While considering the objections raised to the doctrine of future recognition, I am reminded of the words of brother Moses Lard, a well-known gospel preacher of the past century, “We have no sympathy with that infernal delusion called soul sleeping. Neither have we respect enough for it to attempt its refutation. We speak for the comfort of good men, not the refutation of bad ones. Still in passing we may jot down a thought or two” (Lard’s Quarterly, April 1865, p. 278). I wholeheartedly agree with brother Lard. Here are a few more thoughts for your consideration.
When we speak of future recognition, some skeptic will usually ask, “Would you be happy in heaven knowing some of your friends or relatives were not there?” Instead of helping our problem, this question increases it. If I cannot recognize any of my loved ones in heaven, then I would be forever uncertain if any of them made it there! Furthermore, this question assumes I would want to overlook the manner of life these people led while alive. If they are lost, it will be because they did not desire heaven enough to quit the practice of sin. Yes, we will be saddened by the loss of some, but I always thought this is why “God will wipe away every tear from their eyes; there shall be no more death, nor sorrow, nor crying; and there shall be no more pain, for the former things have passed away” (Revelation 21:4).
Another objection sometimes raised is based on Matthew 22:30, where Jesus said, “For in the resurrection they neither marry nor are given in marriage, but are like angels of God in heaven.” But, this passage proves our point. The angels of heaven surely know and recognize each other; some are even mentioned by name in the Bible. We will not have a physical marriage in heaven, for we will be “married” to the Lamb of God. “Let us be glad and rejoice and give Him glory, for the marriage of the Lamb has come, and His wife has made herself ready. And to her it was granted to be arrayed in fine linen, clean and bright, for the fine linen is the righteous acts of the saints. Then he said to me, ‘Write: Blessed are those who are called to the marriage supper of the Lamb!’ And he said to me, ‘These are the true sayings of God.'” (Rev. 19:7-9).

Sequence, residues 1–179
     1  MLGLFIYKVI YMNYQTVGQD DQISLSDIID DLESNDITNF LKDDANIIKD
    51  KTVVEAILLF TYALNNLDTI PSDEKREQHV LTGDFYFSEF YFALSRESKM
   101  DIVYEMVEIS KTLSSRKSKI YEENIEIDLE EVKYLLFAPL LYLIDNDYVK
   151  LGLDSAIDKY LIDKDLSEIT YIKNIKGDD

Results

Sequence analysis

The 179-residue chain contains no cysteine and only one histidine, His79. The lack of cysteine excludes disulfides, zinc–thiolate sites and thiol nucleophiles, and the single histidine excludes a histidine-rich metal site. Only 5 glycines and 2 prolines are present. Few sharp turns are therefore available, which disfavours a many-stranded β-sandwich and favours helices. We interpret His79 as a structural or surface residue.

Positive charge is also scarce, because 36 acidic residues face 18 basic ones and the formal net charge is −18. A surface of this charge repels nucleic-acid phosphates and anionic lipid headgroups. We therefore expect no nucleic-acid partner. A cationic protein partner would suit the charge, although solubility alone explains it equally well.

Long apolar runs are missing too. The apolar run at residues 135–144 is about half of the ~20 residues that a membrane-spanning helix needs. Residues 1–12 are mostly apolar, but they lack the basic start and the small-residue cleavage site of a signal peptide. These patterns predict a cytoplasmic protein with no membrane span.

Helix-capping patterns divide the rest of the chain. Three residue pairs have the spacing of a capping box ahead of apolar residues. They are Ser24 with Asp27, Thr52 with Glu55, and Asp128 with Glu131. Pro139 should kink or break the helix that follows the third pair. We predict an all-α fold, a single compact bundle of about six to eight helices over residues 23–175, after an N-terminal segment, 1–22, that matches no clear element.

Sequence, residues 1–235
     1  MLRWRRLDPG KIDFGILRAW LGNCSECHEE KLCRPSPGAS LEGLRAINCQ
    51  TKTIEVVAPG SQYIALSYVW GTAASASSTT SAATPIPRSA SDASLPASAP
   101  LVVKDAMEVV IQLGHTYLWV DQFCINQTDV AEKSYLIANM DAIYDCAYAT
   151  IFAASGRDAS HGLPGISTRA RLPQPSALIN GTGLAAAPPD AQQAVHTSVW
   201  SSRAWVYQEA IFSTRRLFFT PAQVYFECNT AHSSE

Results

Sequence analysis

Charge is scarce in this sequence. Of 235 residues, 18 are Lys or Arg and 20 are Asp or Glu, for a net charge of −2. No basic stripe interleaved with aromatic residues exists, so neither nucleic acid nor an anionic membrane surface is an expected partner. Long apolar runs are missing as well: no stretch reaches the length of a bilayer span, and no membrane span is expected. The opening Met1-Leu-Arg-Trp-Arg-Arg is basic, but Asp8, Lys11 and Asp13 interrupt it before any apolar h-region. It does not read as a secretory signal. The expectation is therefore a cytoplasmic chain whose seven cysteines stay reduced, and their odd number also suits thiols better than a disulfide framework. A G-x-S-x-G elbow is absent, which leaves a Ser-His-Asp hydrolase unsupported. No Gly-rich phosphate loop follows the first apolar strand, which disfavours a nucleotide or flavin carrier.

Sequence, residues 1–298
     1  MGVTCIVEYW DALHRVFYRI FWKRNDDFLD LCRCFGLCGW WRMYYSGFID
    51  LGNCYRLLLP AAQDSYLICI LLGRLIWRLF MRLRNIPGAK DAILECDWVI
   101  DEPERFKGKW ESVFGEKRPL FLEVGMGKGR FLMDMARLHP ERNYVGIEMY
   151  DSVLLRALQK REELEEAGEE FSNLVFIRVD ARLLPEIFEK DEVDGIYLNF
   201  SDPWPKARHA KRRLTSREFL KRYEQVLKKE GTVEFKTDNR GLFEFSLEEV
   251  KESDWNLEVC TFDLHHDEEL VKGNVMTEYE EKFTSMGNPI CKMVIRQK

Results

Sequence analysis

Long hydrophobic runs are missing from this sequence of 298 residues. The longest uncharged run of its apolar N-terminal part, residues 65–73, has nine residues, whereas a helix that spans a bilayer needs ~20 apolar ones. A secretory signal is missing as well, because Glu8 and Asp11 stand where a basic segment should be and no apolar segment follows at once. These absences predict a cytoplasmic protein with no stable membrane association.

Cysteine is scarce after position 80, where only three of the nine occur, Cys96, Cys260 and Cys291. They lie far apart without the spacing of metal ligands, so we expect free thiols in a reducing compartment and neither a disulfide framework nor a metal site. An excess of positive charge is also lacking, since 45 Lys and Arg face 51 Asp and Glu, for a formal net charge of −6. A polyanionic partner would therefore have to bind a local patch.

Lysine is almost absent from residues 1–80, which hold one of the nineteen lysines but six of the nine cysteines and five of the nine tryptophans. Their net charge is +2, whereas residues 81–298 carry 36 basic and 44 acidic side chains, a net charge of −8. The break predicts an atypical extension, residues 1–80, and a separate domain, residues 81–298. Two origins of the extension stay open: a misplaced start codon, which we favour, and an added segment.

Our Present Hope
The first child from the union of David and Bathsheba died after a week of suffering (2 Samuel 12:15-23). Grief stricken David, with his child yet unburied, said, “Can I bring him back again? I shall go to him, but he shall not return to me.” What comfort could David have of being with his child again if he could not distinguish his child from mine?
After the final judgment I fully expect to “see Abraham and Isaac and Jacob and all the prophets in the kingdom of God” (Luke 13:28). I shall see them in the same way I shall see Jesus (1 John 3:2) and His Father (Rev. 22:4). The same Greek word for “see” is used in all three verses.
Congregations of God’s people often sing the beautiful song, “Shall We Gather At The River.” In it, we bid our brothers and sisters in Christ to look for us on the margin of the river of life, when our earthly journey is completed. We will “gather with the saints at the river, that flows by the throne of God.”
Earthly ties cannot last forever. Knowing that we shall recognize one another in heaven, let us labor diligently to increase our acquaintances in that glorious abode of the soul. “And the Spirit and the bride say, ‘Come!’ And let him who hears say, ‘Come!’ And let him who thirsts come. And whoever desires, let him take the water of life freely.”